Later I got to hear Adrienne read her poems many times, most recently at the Lunch Poems Reading Series at UC Berkeley on February 6, 2003. Adrienne was by then much weakened physically by her illness. As coordinator of the series, I worked out elaborate preparations for how to get her up on the stage at International House on the Berkeley campus. We tested the backstage elevator to make sure it would get her to the height of the podium. In the end, despite evident pain, Adrienne just marched up the stairs in front of the whole audience. Once onstage, Robert Hass, who was introducing her that day, took her arm. Adrienne’s power as a poet, though, was never diminished by her illness.

One of my favorite poems by Adrienne Rich is “Heroines,” from her great book A Wild Patience Has Taken Me This Far. It’s an audacious poem from a formal standpoint, using the triadic line that Mayakovsky and William Carlos Williams had innovated. In the poem, Adrienne salutes the women social activists of the nineteenth century, while teasing out the nuances of their class privilege. Here’s a brief excerpt:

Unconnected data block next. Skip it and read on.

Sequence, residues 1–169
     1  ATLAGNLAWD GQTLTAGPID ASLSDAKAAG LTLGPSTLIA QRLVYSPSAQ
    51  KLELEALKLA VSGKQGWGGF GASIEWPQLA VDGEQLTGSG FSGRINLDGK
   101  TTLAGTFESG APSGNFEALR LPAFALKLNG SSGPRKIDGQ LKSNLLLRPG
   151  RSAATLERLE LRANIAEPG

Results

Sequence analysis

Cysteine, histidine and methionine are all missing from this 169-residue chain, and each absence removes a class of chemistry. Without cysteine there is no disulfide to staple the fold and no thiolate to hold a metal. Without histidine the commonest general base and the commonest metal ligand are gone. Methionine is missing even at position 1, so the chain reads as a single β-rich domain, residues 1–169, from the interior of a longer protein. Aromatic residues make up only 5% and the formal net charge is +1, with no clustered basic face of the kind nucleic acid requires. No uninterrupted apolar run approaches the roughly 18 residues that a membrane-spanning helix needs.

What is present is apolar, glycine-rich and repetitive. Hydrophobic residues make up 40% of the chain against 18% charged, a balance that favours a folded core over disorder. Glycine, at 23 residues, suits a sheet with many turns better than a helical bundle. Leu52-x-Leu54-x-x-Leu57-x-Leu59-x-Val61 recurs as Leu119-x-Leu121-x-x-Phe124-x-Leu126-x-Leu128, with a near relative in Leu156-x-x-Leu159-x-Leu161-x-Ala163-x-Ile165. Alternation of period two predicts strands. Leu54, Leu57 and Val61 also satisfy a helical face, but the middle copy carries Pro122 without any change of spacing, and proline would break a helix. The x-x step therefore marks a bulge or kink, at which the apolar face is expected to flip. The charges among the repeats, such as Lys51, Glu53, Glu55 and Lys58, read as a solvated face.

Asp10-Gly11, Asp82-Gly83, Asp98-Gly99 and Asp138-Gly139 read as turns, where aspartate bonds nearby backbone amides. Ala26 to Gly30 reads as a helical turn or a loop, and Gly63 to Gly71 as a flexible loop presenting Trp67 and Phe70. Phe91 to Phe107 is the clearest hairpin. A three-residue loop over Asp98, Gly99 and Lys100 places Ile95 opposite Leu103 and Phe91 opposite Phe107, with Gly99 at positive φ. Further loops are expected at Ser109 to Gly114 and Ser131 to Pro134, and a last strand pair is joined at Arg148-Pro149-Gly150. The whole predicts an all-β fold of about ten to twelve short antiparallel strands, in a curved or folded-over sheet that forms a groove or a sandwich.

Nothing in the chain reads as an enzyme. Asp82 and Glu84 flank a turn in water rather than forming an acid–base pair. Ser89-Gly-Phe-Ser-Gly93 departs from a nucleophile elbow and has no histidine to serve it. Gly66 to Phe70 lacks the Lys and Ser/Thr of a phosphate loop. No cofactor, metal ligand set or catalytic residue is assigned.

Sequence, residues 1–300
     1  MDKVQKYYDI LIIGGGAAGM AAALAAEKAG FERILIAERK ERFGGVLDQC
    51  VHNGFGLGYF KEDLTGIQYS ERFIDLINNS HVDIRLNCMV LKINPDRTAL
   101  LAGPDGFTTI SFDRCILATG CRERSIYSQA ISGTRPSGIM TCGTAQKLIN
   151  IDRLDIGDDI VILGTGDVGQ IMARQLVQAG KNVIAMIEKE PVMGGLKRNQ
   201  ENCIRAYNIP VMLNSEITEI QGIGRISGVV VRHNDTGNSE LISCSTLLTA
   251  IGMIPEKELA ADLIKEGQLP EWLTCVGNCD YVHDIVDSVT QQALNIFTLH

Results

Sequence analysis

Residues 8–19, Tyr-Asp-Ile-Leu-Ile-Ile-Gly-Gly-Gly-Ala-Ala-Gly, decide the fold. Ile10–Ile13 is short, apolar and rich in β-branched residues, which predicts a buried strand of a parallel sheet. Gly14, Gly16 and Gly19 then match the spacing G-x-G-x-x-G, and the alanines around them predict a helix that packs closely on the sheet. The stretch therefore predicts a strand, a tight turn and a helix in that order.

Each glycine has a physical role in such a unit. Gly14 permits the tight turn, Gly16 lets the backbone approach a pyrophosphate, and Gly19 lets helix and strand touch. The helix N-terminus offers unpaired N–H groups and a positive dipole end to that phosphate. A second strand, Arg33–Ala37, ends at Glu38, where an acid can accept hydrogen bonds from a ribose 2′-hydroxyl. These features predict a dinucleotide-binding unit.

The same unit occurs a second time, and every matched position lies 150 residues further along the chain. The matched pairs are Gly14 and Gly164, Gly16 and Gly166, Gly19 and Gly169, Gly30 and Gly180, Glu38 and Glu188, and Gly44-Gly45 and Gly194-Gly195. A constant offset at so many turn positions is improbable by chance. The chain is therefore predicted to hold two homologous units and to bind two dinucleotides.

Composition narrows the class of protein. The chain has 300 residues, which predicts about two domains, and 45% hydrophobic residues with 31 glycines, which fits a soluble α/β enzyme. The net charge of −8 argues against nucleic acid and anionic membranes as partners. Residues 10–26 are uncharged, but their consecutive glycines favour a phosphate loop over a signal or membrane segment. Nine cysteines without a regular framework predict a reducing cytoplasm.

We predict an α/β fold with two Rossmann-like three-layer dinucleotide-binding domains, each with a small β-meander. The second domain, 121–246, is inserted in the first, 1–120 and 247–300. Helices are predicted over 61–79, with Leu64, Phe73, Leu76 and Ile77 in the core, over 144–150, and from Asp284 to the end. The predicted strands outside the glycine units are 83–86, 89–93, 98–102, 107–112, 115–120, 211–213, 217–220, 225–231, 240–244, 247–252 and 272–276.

Your mind burns
                            not like the harbor beacon
                                                                       but like a fire
of fiercer origin
                         you begin speaking out
and a great gust of freedom
                                             rushes in with your words

Adrienne would not have liked to be compared to those heroines—she shunned any honors that focused on her and not her beliefs—but those lines are so true of her own poetry. I always came away from a reading by Adrienne feeling changed. Her poetry summoned us to do our best and better. Her language was forged by the blaze of her convictions. She was one of those rare human beings whose very presence altered you. I love the great gusts of freedom that rush in with her words.

Other recent posts about writing topics: 
How to Get Published
Getting the Most from Your Writing Workshop
How Not to Become a Literary Dropout
Putting Together a Book Manuscript
Working with a Writing Mentor
How to Deliver Your Message
Does the Muse Have a Cell Phone?
Why Write Poetry? 
Poetic Forms: IntroductionThe SonnetThe SestinaThe GhazalThe Tanka

Praise and Lament
How to Be an American Writer

3 comments:

  1. Thanks Zack, you made her so vivid. Interesting story about literary politics, too.

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  2. Zack, thank you for sharing this memory of Adrienne with us. And thank you for introducing me to her poetry during my MFA. "Her poetry summoned us to do our best and better." I look forward to reading more of her poetry.

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  3. I appreciate all the feedback I've gotten on my few memories of Adrienne. They speak to how deeply she reached many, many people.